We analysed two items that relate to distractions while eating: watching TV or reading while eating and doing office work while eating. Distractions while eating have received much attention as they have been associated with ignoring satiety signals that trigger feelings of fullness( Reference Wansink 49 ), which impairs the ability to monitor food consu mption, leading to an unintentional excess of energy intake( Reference Moray, Fu and Brill 50 ). Other studies have evaluated the impact of eating distractions on the MetS risk, including a cross-sectional study of 5682 Australian adults over the age of 35 years. They found that participants who spent ≥2 h/d watching TV and consumed three or more snack food servings per day were 1·5 and 3·6 times more likely to have the MetS, respectively, compared with those who reported low levels of TV viewing and low snack intake( Reference Thorp, McNaughton and Owen 10 ). Poor dietary habits are potential mediators associated with high levels of TV viewing that can be triggered by advertising( Reference Thompson, Spence and Raine 51 , Reference Scully, Dixon and Wakefield 52 ) and increased intake of energy-dense and nutrient-poor snack foods( Reference Cleland, Schmidt and Dwyer 53 ). TV viewing has also been shown to have an impact on subsequent meals because individuals who eat while watching TV report less vivid memories of their previous meals and consequently consume more food at the subsequent meals( Reference Bellisle, Dalix and Slama 7 ). A meta-analysis of twenty-four experimental studies provided additional evidence that watching TV reduces attention during eating, which increases food intake at the next meal( Reference Robinson, Aveyard and Daley 9 ). In the present study, we also examined other distractions such as reading, doing office work or engaging in tasks, which have been demonstrated to be associated with a greater likelihood of becoming overweight/obese( Reference Ogden, Coop and Cousins 8 Reference Higgs and Woodward 12 , Reference Moray, Fu and Brill 50 ). Other sources of distractions examined by the scientific literature are listening to stories or music, playing video games, social interactions, and eating environment, which can all lead to impaired awareness of food consumption, mindless eating, increased energy intake, and risk of weight gain( Reference Ogden, Coop and Cousins 8 , Reference Wansink 13 Reference Raulio, Roos and Mukala 15 ). The environmental and social contexts of eating were also assessed as part of the current study by taking into account the number of times participants ate with friends, family or colleagues, and the number of times they ate their main meal at home. One’s eating environment, which includes social interactions and distractions, can make people more vulnerable to mindless eating, resulting in increased meal size and energy intake( Reference Wansink 13 ), regardless of hunger( Reference Bellisle, Dalix and Slama 7 , Reference Bellisle, Dalix and Airinei 24 , Reference De Castro 25 ). Other studies have shown that meals eaten with others tend to be larger and longer in duration compared with meals eaten alone, regardless of the relationship of the eating companion or the time of day, with similar effects occurring at morning, noontime and evening meals( Reference De Castro 25 ). Furthermore, a systematic review of twenty-nine nationally representative studies or large cohorts reported that eating away from home is associated with a higher total energy intake, energy content from fat and lower intake of micronutrients, particularly vitamin C, Ca and Fe( Reference Lachat, Nago and Verstraeten 21 ).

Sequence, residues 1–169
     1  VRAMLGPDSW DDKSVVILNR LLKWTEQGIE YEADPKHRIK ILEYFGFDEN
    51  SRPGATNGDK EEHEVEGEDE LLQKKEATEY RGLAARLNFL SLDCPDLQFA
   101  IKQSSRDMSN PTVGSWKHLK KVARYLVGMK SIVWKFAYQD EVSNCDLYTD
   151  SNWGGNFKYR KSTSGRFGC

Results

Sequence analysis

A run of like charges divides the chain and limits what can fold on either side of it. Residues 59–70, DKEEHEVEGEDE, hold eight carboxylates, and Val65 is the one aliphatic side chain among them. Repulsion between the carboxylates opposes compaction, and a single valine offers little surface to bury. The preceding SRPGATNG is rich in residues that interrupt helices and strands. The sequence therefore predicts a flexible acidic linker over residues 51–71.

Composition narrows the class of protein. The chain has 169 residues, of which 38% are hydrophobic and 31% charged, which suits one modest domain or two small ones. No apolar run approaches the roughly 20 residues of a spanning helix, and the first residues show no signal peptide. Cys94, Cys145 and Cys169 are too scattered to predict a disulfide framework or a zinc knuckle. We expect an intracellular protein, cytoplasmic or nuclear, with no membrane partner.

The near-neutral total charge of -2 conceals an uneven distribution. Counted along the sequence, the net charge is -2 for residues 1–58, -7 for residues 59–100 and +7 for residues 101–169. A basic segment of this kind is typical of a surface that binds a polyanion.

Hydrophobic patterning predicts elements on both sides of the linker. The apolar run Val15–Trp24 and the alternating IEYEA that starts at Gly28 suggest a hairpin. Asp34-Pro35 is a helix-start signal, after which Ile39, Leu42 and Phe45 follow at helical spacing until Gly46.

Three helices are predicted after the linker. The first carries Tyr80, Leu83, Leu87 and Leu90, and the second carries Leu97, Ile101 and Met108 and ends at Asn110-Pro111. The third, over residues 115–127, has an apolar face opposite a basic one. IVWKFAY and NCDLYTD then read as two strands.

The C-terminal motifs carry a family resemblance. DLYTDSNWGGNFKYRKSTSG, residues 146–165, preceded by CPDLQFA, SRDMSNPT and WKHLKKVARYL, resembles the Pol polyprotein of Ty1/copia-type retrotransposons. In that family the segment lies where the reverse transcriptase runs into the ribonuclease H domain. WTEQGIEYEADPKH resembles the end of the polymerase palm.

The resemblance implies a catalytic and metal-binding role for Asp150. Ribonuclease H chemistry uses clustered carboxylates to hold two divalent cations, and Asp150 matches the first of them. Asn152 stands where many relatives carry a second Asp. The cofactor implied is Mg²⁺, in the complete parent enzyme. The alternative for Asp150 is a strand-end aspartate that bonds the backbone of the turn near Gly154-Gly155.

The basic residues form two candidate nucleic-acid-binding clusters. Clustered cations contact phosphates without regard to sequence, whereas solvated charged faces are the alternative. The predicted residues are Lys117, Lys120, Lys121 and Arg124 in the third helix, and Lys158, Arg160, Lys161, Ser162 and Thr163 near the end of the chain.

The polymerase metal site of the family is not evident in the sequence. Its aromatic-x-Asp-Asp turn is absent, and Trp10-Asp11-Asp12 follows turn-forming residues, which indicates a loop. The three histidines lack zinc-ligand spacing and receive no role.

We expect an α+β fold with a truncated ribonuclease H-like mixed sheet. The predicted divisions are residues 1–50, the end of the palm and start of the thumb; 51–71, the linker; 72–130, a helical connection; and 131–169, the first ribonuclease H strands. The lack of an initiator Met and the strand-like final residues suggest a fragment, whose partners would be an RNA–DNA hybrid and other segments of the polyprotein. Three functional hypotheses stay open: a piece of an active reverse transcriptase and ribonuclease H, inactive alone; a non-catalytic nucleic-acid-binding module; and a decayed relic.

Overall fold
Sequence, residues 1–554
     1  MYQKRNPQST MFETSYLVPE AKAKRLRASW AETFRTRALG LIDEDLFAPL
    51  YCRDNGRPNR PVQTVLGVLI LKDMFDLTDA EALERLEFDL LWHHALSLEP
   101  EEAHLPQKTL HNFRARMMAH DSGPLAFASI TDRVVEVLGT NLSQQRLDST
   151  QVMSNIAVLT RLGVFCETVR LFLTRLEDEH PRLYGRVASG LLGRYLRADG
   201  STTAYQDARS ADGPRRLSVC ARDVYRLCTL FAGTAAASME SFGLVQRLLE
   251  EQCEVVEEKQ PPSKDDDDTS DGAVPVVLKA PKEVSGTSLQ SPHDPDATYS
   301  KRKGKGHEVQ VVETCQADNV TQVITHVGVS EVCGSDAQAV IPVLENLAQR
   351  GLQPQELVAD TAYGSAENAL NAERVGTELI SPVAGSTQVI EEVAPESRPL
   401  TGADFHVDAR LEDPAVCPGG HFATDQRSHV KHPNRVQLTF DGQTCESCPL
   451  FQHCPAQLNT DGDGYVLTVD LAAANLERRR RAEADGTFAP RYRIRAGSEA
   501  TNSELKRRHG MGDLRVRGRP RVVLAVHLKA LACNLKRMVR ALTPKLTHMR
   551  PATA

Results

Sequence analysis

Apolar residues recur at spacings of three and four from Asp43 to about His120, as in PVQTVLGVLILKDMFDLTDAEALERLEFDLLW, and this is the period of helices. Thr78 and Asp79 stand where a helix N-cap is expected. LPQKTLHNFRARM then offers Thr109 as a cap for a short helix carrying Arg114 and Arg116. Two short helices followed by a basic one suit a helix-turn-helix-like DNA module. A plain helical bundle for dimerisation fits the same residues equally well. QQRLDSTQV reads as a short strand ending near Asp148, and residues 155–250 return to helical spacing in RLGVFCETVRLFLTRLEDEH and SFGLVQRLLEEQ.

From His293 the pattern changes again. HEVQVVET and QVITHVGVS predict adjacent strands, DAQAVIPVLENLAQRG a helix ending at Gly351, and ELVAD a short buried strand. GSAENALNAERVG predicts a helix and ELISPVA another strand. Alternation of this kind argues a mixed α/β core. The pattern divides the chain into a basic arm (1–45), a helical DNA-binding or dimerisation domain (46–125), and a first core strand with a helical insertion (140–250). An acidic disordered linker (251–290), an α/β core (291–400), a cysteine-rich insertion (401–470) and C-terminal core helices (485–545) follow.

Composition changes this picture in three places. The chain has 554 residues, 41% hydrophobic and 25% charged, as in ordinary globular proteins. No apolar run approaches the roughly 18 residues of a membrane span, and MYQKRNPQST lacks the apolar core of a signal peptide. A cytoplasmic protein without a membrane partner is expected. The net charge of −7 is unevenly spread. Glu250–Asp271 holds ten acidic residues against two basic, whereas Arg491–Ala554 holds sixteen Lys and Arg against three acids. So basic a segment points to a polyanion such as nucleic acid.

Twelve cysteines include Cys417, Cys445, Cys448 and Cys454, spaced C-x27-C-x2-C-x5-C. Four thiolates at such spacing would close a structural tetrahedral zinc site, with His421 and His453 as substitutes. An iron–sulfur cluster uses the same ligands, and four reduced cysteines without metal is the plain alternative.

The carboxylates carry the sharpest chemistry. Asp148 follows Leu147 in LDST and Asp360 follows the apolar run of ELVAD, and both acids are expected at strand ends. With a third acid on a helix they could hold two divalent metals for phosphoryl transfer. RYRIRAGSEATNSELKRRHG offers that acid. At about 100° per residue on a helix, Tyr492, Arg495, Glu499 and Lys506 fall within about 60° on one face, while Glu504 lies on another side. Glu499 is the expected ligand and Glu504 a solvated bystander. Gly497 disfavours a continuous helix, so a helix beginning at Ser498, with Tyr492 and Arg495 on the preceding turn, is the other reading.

The familiar and cultural customs associated with eating were also examined using the following three items: eating with family, friends or colleagues, eating at home, and eating all the food without leaving anything on the plate. The scientific literature provides evidence that culture is one of the major determinants of what we eat, reflecting unwritten social rules such as eating all the food one is served, which is usually done to show appreciation for the food( Reference Wansink 49 ). However, due to the enormous serving sizes that are offered at restaurants, this custom has become an unhealthy habit that contributes to overeating( Reference Ouwehand and De Ridder 54 ). Furthermore, the largest contributors to both adult and child BMI seem to include the familiar mealtime habits of the people with whom one eats, as well as the location and duration of the meals( Reference Anderson 17 ).